Teaching

COMD 1103: F15

After asking for four years, I was given the chance to teach Foundation Drawing at City Tech! This is a class originally structured as an introduction to perspective and technical drawing, very rigid in its structure. I have found over the years that my students are coming in without a lot of the hand training they had in my day, so I messed with the syllabus a bit.

I did not emphasis isometric projections, for instance. These students were so starved for basic perspective and beyond that PERMISSION TO DRAW AT ALL. There were people with a lot of anxiety around using their first pencil up, a terror of taking up too much material, space, and time. I countered this with a lot of pep talks, exhaustive handouts culled from the best sources, and by finding ways to just get them to draw until I could feel the room finally relax.

15 minutes of warm ups every class

I started each class with warm ups which also gave the class time to sharpen pencils, settle down, and unpack. These started out simply: swirls, shapes, types of shading. As the semester progressed, I tried to tune these towards helping strengthen the skills I saw most lacking overall. Tonality was still a weak spot at the end, I’ll re-tune for that.

Progress books made of low risk materials

I got this idea from reading Rob Roy Kelly’s writings on teaching design. He developed progress books as a technique for a variety of reasons. I found them to be spectacular, only most of my students could not afford all of the materials at once. My progress books are 2″ 3 ring binders with 30 sheet protectors inside. The students put all drawings in the protectors and my handouts are punched and field in order. They usually skimped on the notebook and sheet protectors, which was frustrating, I ended up spending my own money to get everyone on track which was not a problem, just indicated a flaw in my design.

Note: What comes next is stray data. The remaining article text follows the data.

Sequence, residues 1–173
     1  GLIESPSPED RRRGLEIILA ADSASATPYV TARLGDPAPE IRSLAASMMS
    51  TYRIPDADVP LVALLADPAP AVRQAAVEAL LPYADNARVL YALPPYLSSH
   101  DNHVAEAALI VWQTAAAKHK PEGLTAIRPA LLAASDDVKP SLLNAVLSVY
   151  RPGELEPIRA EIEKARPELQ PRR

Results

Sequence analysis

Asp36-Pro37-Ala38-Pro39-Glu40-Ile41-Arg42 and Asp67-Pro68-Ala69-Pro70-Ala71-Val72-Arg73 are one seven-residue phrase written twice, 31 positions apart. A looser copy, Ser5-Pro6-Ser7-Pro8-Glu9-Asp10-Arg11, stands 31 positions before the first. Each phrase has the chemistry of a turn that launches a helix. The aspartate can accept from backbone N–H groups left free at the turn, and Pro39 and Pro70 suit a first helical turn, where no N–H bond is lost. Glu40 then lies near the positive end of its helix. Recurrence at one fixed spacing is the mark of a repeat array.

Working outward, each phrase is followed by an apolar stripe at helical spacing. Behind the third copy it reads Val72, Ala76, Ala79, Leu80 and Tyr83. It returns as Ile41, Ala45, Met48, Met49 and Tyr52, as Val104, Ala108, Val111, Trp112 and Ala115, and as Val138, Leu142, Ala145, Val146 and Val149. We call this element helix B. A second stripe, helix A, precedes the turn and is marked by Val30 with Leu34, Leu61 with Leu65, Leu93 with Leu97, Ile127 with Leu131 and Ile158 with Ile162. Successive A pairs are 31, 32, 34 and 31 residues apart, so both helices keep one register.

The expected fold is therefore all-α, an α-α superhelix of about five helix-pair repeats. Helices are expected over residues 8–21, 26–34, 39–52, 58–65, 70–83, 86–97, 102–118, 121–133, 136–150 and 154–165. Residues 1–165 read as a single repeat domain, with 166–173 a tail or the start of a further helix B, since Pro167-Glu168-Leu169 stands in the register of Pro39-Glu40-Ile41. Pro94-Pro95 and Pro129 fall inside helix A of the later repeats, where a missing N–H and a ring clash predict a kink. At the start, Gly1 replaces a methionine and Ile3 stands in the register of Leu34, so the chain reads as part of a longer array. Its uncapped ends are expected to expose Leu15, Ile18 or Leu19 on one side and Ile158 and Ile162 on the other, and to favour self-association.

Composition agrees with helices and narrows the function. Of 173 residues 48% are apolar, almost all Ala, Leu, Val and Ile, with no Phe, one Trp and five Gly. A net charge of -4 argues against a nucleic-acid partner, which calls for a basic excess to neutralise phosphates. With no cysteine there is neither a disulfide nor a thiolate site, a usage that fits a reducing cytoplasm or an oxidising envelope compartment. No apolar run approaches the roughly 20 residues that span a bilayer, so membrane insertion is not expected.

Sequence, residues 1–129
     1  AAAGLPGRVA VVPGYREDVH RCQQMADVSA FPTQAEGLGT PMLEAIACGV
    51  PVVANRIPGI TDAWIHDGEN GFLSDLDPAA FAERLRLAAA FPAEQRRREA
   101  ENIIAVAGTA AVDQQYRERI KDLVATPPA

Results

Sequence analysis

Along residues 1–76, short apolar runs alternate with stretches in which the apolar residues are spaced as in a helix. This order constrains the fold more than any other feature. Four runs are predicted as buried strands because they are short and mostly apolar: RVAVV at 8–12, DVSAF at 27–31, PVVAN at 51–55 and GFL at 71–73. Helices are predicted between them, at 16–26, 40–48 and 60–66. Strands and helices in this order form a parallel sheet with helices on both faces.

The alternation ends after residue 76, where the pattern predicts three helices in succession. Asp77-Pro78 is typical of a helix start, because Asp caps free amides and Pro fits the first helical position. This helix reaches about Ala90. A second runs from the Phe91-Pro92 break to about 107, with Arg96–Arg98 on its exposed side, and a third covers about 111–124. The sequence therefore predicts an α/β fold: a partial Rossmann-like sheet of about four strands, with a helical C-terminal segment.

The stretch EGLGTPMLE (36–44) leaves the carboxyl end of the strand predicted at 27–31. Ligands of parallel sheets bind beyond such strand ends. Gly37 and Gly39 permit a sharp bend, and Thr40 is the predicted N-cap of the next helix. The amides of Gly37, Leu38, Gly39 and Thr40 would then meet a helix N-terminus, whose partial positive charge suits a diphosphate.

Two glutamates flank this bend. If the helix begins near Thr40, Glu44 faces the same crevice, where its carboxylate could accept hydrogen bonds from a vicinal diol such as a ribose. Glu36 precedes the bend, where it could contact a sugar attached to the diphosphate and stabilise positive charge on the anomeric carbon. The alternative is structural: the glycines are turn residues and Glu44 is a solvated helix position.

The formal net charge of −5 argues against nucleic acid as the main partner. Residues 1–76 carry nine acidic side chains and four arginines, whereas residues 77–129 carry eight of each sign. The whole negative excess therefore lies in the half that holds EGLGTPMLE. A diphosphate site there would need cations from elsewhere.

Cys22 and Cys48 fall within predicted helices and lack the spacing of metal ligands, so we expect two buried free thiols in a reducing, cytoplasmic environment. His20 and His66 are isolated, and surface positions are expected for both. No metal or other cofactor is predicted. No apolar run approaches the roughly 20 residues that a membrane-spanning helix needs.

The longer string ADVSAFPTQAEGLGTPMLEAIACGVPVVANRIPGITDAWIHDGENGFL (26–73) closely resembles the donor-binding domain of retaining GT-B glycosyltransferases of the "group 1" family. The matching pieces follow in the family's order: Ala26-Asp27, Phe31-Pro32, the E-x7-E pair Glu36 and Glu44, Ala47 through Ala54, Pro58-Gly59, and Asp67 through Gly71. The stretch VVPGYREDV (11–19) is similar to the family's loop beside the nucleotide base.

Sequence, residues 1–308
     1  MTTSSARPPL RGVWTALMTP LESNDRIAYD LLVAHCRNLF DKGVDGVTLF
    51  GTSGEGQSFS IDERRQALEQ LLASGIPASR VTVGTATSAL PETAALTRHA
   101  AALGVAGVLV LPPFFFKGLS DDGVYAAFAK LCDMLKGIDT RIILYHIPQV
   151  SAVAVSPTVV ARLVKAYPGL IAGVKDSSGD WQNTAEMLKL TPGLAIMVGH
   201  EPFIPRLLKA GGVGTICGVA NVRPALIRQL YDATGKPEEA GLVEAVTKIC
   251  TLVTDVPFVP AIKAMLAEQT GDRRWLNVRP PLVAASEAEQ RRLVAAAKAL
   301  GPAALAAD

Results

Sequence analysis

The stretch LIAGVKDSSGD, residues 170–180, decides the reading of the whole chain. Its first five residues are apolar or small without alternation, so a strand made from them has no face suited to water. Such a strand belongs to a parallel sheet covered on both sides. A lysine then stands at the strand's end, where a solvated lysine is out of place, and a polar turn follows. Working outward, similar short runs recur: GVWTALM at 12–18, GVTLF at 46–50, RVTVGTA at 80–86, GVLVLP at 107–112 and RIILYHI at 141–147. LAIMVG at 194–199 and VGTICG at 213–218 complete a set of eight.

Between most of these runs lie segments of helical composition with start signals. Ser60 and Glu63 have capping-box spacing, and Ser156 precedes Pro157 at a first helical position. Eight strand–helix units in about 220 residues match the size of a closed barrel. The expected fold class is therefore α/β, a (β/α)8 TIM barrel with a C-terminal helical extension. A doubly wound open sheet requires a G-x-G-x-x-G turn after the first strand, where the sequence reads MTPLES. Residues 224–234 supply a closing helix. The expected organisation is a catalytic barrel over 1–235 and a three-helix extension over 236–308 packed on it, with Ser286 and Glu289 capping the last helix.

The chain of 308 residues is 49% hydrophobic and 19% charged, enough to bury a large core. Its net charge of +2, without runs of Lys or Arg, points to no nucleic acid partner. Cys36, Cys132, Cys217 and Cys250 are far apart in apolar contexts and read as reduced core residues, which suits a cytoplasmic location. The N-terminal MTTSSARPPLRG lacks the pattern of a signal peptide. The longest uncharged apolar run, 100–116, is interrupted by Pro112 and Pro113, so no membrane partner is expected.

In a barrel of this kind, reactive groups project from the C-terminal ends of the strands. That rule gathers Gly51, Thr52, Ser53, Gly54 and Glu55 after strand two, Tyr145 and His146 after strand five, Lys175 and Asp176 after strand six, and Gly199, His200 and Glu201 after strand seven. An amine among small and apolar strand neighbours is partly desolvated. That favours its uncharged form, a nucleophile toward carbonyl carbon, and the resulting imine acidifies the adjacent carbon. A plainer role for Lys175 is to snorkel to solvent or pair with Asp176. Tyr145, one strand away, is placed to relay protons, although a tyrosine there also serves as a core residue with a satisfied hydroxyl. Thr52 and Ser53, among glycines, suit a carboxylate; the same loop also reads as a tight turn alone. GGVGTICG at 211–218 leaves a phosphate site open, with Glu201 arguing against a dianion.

Having students test lessons and give feedback

In order to start talking about the digital tools they were to encounter later in their student and professional career, I asked them to sample drawing apps. Many of them sent back work and excellent, cogent reviews, and I got this drawing and  written response to boot:

Image-1

“I enjoyed using the Adobe draw app very much. It was very similar to adobe illustrator and Indesign. Except the best part is I had total control on a handheld device which made me feel even more boss. I learned how to use the app on my own although at first I had some trouble but all it took was a little getting used to. I learned fast and felt out the tools and was able to use my creativity as best as I can so far. I am very proud of being able to do so much with just my Iphone. I really felt as if I was a designer getting paid to design a self portrait of myself for some wierd but awesome reason.”

Strategically using the foundational lessons that I learned

I had to ramp this class into the lessons I learned in college because many of them did not have all the exposure to art and hand skills that I had had. They still made it to where they needed to be, meaning that they worked harder, traveled further, and trusted more. There is no excuse–if we teach well, the students will rise to the occasion.

Filed under: Teaching

by

Libby Clarke is an artist, designer, and educator living in Brooklyn, NY. She received her BFA in Printmaking from James Madison University and her MFA in 2D Design from Cranbrook Academy of Art. Professionally, Libby has worked as an interaction art director for over 12 years for such companies as Agency.com and Scholastic.com. Currently, she serves as an Assistant Professor at the New York College of Technology in Brooklyn, New York. As an artist, Libby has produced a series of multi-media conceptual products under the name Monstress Productions since 1996. She gives workshops and lectures across the United States on the intersection of art, activism, and technology, and her pieces are exhibited and collected internationally.